Remember Holman v. Commissioner (May 2008), in which the taxpayers gifted substantial holdings of Dell stock into a highly restricted family limited partnership (FLP)? The Tax Court agreed with the IRS, finding the transfer restrictions were merely tax avoidance devices and should be disregarded for valuation purposed under IRC Sec. 2703. Further, the Tax Court adopted the IRS expert’s valuation of the FLP interests, finding the restrictive buy-back provisions placed a natural limit or “cap” on any marketability discounts. In other words, if potential buyers of a limited partner’s shares demanded too great a discount relative to the then-prevailing price of Dell stock, then the remaining partners (acting as “economically rational insiders’) would have a clear incentive to step in and buy the shares at a lesser discount.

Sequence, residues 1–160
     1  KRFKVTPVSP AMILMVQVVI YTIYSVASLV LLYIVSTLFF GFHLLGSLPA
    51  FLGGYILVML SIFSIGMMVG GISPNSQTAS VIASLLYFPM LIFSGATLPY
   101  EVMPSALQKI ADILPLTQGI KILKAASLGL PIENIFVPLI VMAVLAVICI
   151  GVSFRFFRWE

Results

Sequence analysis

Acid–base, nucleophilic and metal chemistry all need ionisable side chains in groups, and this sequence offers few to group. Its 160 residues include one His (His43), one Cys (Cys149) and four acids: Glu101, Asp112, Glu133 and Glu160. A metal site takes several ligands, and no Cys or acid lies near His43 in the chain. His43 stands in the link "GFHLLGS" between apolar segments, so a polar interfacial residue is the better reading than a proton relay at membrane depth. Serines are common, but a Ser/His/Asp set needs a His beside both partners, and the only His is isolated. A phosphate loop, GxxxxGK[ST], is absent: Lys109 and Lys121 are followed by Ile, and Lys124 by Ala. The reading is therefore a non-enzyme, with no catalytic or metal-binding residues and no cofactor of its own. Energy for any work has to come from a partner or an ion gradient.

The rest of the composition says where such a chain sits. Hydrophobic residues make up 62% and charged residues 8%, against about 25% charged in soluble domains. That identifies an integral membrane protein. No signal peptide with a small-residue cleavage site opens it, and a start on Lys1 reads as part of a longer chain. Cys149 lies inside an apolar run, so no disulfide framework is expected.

The taxpayers appealed, arguing the Tax Court’s rationale violated the fair market value standard by asking what the FLP (or its particular family members) would do when faced with a buy-back situation. The taxpayers also contested the application of Sec. 2703, claiming the FLP’s transfer restrictions were a bona fide business arrangement, comparable to an arm’s length agreement entered into by unrelated parties.
Despite a strong dissent by a single judge, the majority of the U.S. Court of Appeals for the Eighth Circuit disagreed, confirming the Tax Court’s decision and the IRS’s use of Sec. 2703 as a weapon against FLPs, at least in the gift tax context. Read the complete case digest of Holman v. Commissioner (April 7, 2010),and the full text of the court’s opinion--both will be available at BVLaw™.